Plant Molecular Biology

, Volume 69, Issue 3, pp 261–271

Genome-wide targeted prediction of ABA responsive genes in rice based on over-represented cis-motif in co-expressed genes

  • Sangram K. Lenka
  • Bikash Lohia
  • Abhay Kumar
  • Viswanathan Chinnusamy
  • Kailash C. Bansal
Open AccessArticle

DOI: 10.1007/s11103-008-9423-4

Cite this article as:
Lenka, S.K., Lohia, B., Kumar, A. et al. Plant Mol Biol (2009) 69: 261. doi:10.1007/s11103-008-9423-4

Abstract

Abscisic acid (ABA), the popular plant stress hormone, plays a key role in regulation of sub-set of stress responsive genes. These genes respond to ABA through specific transcription factors which bind to cis-regulatory elements present in their promoters. We discovered the ABA Responsive Element (ABRE) core (ACGT) containing CGMCACGTGB motif as over-represented motif among the promoters of ABA responsive co-expressed genes in rice. Targeted gene prediction strategy using this motif led to the identification of 402 protein coding genes potentially regulated by ABA-dependent molecular genetic network. RT-PCR analysis of arbitrarily chosen 45 genes from the predicted 402 genes confirmed 80% accuracy of our prediction. Plant Gene Ontology (GO) analysis of ABA responsive genes showed enrichment of signal transduction and stress related genes among diverse functional categories.

Keywords

Abscisic acid (ABA) Genome-wide Rice Co-expressed genes Cis-regulatory elements 

Abbreviations

ABA

Abscisic acid

CRE

Cis-regulatory element

ABRE

ABA responsive element

GO

Gene ontology

CDS

Coding DNA sequence

Introduction

Abiotic stresses like drought, salinity, cold and high temperature are the predominant environmental factors limiting productivity of crop plants (Breshears et al. 2005; Schroter et al. 2005). Plants respond to these environmental cues at molecular level by altering expression of different sets of genes (Qureshi et al. 2007; Tran et al. 2007). Expression of such genes is mainly regulated through transcriptional control process, while post-transcriptional and post-translational processes also play a crucial role. Transcriptional control machinery appears to be conserved among plant species (Hakimi et al. 2000; Hirt et al. 1990). It is well established from different experiments over past decades that promoters containing a particular cis-element respond to a specific trigger (Chinnusamy et al. 2003; Viswanathan and Zhu 2002; Yamaguchi-Shinozaki and Shinozaki 2005; Zhou et al. 2007). Combinatorial interactions of cis-acting DNA elements in the promoters with trans-acting protein factors are key processes governing spatio-temporal gene expression (Bustos et al. 1991; Hartmann et al. 2005; Hauffe et al. 1993). At an organism level, vast array of molecular genetic networks are operational in a very complex and dynamic mode. Complete understanding of the molecular genetic networks is a long cherished goal of system biologists (Chinnusamy et al. 2004; Li et al. 2006a). Targeted modification of molecular genetic networks has a tremendous potential for engineering tailor made elite genotypes “by-design.”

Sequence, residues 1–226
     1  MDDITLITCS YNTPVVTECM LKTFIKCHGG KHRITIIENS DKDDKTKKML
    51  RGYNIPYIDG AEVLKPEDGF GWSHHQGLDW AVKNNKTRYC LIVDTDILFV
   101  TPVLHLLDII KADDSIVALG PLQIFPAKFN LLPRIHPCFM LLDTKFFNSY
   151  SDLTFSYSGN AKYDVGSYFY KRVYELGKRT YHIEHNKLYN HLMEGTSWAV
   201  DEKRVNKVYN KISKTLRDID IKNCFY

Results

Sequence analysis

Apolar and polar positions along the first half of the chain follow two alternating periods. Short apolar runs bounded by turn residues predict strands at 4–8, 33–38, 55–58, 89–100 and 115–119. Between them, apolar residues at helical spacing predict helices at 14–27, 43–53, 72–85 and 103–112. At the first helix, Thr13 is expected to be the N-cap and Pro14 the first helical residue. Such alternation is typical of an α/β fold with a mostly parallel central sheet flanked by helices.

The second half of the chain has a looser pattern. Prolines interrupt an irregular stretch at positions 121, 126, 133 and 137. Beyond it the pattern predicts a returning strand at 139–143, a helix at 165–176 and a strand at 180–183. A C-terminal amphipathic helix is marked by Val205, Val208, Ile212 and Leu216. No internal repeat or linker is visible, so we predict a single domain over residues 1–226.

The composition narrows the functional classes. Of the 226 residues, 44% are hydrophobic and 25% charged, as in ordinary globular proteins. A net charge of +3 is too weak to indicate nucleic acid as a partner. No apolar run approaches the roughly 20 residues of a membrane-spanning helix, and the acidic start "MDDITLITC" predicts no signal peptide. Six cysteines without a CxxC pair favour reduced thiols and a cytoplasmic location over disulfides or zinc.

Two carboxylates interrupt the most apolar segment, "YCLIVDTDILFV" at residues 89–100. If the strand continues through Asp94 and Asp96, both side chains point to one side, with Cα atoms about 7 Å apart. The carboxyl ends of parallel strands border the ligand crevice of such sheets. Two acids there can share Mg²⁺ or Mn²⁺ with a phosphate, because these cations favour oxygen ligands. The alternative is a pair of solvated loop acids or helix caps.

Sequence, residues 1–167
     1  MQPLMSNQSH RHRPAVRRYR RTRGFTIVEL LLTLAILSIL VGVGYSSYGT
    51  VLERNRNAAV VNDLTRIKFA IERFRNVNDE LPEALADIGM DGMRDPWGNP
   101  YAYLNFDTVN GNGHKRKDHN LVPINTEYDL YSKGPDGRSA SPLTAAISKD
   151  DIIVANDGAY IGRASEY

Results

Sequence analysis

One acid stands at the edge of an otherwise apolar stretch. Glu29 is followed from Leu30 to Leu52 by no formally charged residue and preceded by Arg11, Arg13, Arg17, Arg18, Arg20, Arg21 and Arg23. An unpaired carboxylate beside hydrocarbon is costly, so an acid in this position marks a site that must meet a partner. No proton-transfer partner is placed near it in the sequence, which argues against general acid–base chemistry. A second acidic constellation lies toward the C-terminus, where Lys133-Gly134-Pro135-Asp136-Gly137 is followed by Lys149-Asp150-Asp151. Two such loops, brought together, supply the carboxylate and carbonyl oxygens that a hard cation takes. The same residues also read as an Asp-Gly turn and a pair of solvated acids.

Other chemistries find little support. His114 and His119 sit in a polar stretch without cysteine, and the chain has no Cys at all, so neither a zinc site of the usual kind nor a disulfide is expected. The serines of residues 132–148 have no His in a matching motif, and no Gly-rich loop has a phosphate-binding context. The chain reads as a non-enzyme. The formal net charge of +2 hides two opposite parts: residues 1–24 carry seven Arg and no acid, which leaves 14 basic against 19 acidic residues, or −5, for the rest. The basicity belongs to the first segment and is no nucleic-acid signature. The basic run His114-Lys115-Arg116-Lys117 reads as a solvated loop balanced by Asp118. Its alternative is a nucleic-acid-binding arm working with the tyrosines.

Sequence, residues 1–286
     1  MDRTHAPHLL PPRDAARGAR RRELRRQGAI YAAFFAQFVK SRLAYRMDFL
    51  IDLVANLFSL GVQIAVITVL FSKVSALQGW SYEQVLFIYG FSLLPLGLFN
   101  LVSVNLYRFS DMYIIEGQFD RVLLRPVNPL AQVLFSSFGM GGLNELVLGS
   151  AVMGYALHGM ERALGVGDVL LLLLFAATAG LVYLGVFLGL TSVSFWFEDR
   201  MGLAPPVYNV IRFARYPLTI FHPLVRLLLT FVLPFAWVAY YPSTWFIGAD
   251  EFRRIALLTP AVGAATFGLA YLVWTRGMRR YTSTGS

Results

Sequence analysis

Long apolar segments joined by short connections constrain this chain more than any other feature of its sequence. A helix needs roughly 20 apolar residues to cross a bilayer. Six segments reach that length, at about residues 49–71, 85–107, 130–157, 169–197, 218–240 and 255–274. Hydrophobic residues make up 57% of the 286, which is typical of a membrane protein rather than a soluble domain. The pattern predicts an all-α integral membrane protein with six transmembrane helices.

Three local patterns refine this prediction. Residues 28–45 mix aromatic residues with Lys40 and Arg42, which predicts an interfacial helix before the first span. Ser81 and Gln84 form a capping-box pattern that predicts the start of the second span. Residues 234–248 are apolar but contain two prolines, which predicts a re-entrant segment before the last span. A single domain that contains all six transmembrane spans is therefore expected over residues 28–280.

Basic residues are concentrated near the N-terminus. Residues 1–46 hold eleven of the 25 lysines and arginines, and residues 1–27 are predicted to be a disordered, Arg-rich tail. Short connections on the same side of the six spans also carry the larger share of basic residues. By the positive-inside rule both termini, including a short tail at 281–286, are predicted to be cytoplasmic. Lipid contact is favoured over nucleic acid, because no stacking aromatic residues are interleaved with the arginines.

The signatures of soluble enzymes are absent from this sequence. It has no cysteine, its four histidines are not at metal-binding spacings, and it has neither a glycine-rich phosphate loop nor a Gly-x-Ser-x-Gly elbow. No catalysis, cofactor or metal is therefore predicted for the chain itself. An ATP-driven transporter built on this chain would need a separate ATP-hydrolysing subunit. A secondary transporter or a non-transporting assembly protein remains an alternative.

Availability of genome sequence of a crop plant like rice offers a new challenge and opportunities to explore the genetic mechanisms that regulate gene expression in response to various developmental and environmental cues. Rice is also closely related to other crop plants like wheat, maize, barley, sugarcane, oat, and sorghum, etc. A high degree of genomic synteny is conserved across different member species in the family Gramineae (Buell et al. 2005; Goff et al. 2002). Hence, rice is an ideal model to study complex gene regulation data coupled with comparative sequence information using computational tools. This type of study will give an insight to map, predict and decipher gene regulation mechanisms and functional classification of genes. Recently, a fare amount of large scale gene expression datasets have become available in rice in response to various stresses (Rabbani et al. 2003; Yazaki et al. 2003). However, the available data is not sufficient to do meta-analysis. Nevertheless, the rice gene expression data can be suitably integrated with promoter structure to find out it’s possible correlations (Benedict et al. 2006; Li et al. 2006b).